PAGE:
Have you inherited a home and its belongings? Do you and your relatives disagree on how to proceed with the contents? An estate sale may be the answer. Opening up the home to the public, allowing them to purchase items individually or as a whole is the fastest way to move the items and get the money to distribute amongst the heirs.
Before you agree to have an estate sale, consider the following.
You May Have to Settle Debts From the Proceeds
Did your loved ones leave behind debts that you must satisfy? If so, they must be taken care of before you or any other heirs receive payment. Knowing what these debts are can give you a clear picture of what you need to do. If you are unsure, consulting with your estate attorney is best. Having a bottom line figure in mind can help you make better decisions moving forward.
You Should Take Any Personal Items
While it may be difficult during your time of grief, you don’t want regrets later. Go through each room in the home and take out any personal items. Think of things like pictures, financial paperwork, medical records, or family heirlooms that you want to keep rather than sell. If you are unsure about what may be valuable or not, just ask us – we’ll happily help you decide if you are choosing between sentimental and monetary value.
Not Everything is Worth Money
It pays to know the appraised value of the items in the home. Why waste your time or cause yourself more grief selling items that are worth next to nothing? Your emotional value may be worth much more than the monetary value of many items. Just because it’s valuable to you, doesn’t mean it’s worth what you think. Rather than letting items sit on the market unnecessarily due to overpricing, let us guide you in the right price so that your items sell quickly, putting the estate sale behind you.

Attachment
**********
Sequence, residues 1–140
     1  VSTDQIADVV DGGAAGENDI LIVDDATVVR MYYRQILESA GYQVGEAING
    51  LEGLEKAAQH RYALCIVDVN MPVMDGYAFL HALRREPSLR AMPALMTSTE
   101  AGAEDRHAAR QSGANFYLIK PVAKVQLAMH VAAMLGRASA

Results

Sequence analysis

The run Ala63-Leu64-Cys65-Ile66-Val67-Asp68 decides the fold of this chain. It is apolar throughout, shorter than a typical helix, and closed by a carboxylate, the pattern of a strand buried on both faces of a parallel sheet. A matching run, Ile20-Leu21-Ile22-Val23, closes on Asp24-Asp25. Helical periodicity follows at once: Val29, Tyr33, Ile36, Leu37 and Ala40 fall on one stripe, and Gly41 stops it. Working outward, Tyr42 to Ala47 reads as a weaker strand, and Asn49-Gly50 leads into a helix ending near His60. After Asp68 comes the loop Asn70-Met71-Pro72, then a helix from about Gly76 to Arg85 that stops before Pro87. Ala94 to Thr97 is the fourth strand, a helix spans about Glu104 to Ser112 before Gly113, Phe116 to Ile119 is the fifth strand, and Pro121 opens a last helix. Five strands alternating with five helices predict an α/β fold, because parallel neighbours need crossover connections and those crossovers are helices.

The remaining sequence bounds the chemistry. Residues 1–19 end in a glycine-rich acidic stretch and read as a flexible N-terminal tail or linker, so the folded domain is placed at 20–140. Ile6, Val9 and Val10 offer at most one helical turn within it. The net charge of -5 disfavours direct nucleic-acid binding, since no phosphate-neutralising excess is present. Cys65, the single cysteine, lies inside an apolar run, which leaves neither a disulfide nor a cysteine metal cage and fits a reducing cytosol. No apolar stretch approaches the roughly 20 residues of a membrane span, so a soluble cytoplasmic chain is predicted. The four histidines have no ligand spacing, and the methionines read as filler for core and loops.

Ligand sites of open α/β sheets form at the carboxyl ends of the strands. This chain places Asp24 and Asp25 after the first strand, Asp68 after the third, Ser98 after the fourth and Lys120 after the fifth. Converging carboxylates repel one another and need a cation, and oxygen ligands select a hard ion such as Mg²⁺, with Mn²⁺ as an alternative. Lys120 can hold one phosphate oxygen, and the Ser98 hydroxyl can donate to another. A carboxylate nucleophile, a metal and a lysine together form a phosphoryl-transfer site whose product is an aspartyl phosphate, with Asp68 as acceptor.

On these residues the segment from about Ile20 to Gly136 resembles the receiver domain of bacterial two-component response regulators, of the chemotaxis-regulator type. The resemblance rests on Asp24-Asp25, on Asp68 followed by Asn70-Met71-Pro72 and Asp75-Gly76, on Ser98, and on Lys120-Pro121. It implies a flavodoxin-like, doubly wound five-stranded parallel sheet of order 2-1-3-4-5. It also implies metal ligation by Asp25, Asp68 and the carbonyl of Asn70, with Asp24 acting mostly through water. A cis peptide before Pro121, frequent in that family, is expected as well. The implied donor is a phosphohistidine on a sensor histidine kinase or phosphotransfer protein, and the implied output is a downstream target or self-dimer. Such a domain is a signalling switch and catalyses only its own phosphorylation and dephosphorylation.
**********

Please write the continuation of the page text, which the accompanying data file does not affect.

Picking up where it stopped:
You May Have to Pay Sales Tax
Handling an estate sale on your home could lead to hefty tax penalties if you aren’t careful. You should know what state and local sales taxes you are required to pay upon the sale of the items. Finding out after the fact at tax time can make for an unpleasant surprise.
Use a Company That’s Bonded and Insured
You are trusting your loved one’s belongings and your own emotional sentiment to a company. You need a company you can trust. A company that’s bonded means they are trustworthy. Should anything happen, the liquidator has the proper protection, this includes theft, damage, and financial losses. Insurance protects you in the face of liability. If items are stolen from the estate or vandalism occurs, you want to be financially compensated for the losses. An uninsured company won’t be able to help.
Liquidating assets from an inherited home is a great way to settle the estate during your time of grief. If you have any questions about Pennsylvania / New Jersey estate sales, how they work, or how we can help, call us today! We specialize in conducting estate sales and liquidations in the greater Pennsylvania area!